All That Glitters / Yitzhak Tshuva triumphant
How did it happen that the institutionals howling for blood agreed for us to be bled instead?
Congratulations to Yitzhak Tshuva. After long months of negotiations and manipulations, conducted largely through the media, the real estate and gas tycoon has joined colleagues Lev Leviev and the Ofer family, signing an agreement over Delek Real Estate's debt to bondholders, that boils down to being terrific for him.
The bondholders will get a haircut, which is market argot for "they're going to lose a lot of money". A large part of Delek Real Estate's debt will be written off. Tshuva, meanwhile, gets to retain full control over the company. Bingo.
After so many months of public criticism and "uncompromising" demands by institutional investors that Tshuva either repay his debt in full or relinquish control to them, how did this happen?
That isn't the only question about the arrangement. Where exactly do the bondholders find themselves now, after the arrangement? Who won, who lost? And, perhaps most important: What message does the arrangement send to the capital market and to the other tycoons waiting in line, barber shears in hand? Here are some of the answers.
1The economic reason for the agreement's success is that Tshuva is putting a substantial sum on the table, about NIS 500 million cash, albeit spread over several years. He's also bringing another NIS 500 million in good collateral - shares in Delek Group, whose considerable assets include rights in Israel's major natural gas reserves.
In light of this injection bondholders think they'll come out better than had they asked the courts to liquidate Delek Real Estate; that would have left them with the few trimmings remaining after the banks walked away with the juiciest cuts. In the short term it's impossible to say who won and who lost, in terms of the value of the bonds managed by the institutionals.
2 The reason for the agreement's success in terms of the stock market is that a good chunk of the bonds is already out of the hands of the public, which bought them at full price when they were issued. Those bonds are now held by savvy traders who purchased them later, at bargain-basement prices. For many of these traders the debt settlement offered by Tshuva involves a handsome profit - a huge windfall, in some cases. A precise calculation is impossible, but for a swift trader who snapped up Delek Real Estate series B5 bonds during the past year at 25 agorot and is about to absorb a mere 30% haircut on their adjusted value - about 120 agorot on Tuesday - the deal reflects hundreds of percent in gains.
3 What about the public? Much of it already took its haircut ages ago, when the institutionals managing its money sold the bonds at rock-bottom prices, locking in enormous losses. The institutionals sold out to avoid being forced into awkward negotiations with Tshuva under the media spotlight, and to avoid finding themselves, heaven forbid, actually running the company if it went into receivership. They wouldn't know what to do with this kind of company.
But in the end, many of the institutionals hurt their membership base twice: First when they bought high, without security, and again when they sold low and passed up the injection Tshuva would later make in the company.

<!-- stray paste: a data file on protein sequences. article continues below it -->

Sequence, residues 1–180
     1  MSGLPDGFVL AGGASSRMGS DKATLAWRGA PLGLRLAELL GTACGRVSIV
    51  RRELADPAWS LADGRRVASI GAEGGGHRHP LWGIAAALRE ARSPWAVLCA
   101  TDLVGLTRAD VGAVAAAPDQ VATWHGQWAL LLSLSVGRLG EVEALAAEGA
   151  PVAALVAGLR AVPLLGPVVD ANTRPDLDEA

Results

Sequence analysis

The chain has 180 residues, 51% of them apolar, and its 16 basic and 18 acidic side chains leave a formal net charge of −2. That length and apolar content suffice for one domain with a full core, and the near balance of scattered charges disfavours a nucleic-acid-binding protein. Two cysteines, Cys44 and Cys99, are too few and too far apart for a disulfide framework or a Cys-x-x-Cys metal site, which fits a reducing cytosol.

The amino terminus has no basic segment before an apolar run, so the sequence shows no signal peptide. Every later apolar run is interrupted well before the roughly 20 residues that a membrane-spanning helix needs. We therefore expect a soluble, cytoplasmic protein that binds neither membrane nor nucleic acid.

4 Tshuva won't pay it all right away: It's a type of option. The big money he committed, in exchange for the haircut, will be spread out over more than 10 years. And what if, three or five years down the road, he doesn't have the money he committed to paying? Then he won't, and might ask for another debt settlement. There is no finale to the story, and to a large extent Tshuva is merely kicking the hot potato further down the road.
5 Everything's negotiable. Remember Tshuva's initial offer? We checked: NIS 250 million. But even then, judging by Tshuva's smirk and body language, this was clearly just a lowball offer, an opening position. In the end he signed up for nearly NIS 1 billion - four times the initial sum.
6 The settlement will allow Tshuva to avoid the courts and the accompanying public exposure and further investigation into Delek Real Estate. For Tshuva, that is presumably the plum in the pudding and well worth the hefty price. After all the media scrutiny of the past several months everyone now knows about the questionable dealings in Delek Real Estate's history. Just last week, in fact, the Attorney General's Office announced the imminent indictment of Former Delek Real Estate CEO Ilik Rozanski for cooking the company's books to inflate the value of its deals. Tshuva is very anxious that such matters, and others, do not come under scrutiny.
7But the biggest problem with the arrangement is the message it sends to the capital market and to other business barons who borrow from the public: Debts don't need to be paid. If you can't, or don't want to, make good on them, arrangements can be made.
Tshuva is following Leviev with Africa-Israel Investments and Ofer with Zim Integrated Shipping Services to set the standard for Israel's capital market. From now on, anyone who runs into trouble repaying their loans from the public can tell creditors: "I'll do as Tshuva did, what's wrong with that?" Once again the Israeli public missed the opportunity to leverage a crisis into genuine reform, to create a different management culture. It could have told Tshuva "no thanks," assume ownership of the company, examine and investigate it, making it clear to tycoons and securities traders that there is a real price to pay for not returning the money taken from the public's retirement savings. What a pity.